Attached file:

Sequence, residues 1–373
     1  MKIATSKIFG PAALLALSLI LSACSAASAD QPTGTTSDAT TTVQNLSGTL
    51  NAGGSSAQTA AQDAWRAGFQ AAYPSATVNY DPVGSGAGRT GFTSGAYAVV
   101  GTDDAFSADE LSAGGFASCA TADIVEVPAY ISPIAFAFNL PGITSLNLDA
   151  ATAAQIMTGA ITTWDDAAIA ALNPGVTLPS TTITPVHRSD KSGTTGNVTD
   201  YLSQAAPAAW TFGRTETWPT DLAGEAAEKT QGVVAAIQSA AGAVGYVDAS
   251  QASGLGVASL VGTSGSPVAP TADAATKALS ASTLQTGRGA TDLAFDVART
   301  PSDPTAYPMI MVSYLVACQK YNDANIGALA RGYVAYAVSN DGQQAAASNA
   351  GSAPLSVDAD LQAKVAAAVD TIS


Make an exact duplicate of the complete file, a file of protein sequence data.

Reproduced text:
Sequence, residues 1–373
     1  MKIATSKIFG PAALLALSLI LSACSAASAD QPTGTTSDAT TTVQNLSGTL
    51  NAGGSSAQTA AQDAWRAGFQ AAYPSATVNY DPVGSGAGRT GFTSGAYAVV
   101  GTDDAFSADE LSAGGFASCA TADIVEVPAY ISPIAFAFNL PGITSLNLDA
   151  ATAAQIMTGA ITTWDDAAIA ALNPGVTLPS TTITPVHRSD KSGTTGNVTD
   201  YLSQAAPAAW TFGRTETWPT DLAGEAAEKT QGVVAAIQSA AGAVGYVDAS
   251  QASGLGVASL VGTSGSPVAP TADAATKALS ASTLQTGRGA TDLAFDVART
   301  PSDPTAYPMI MVSYLVACQK YNDANIGALA RGYVAYAVSN DGQQAAASNA
   351  GSAPLSVDAD LQAKVAAAVD TIS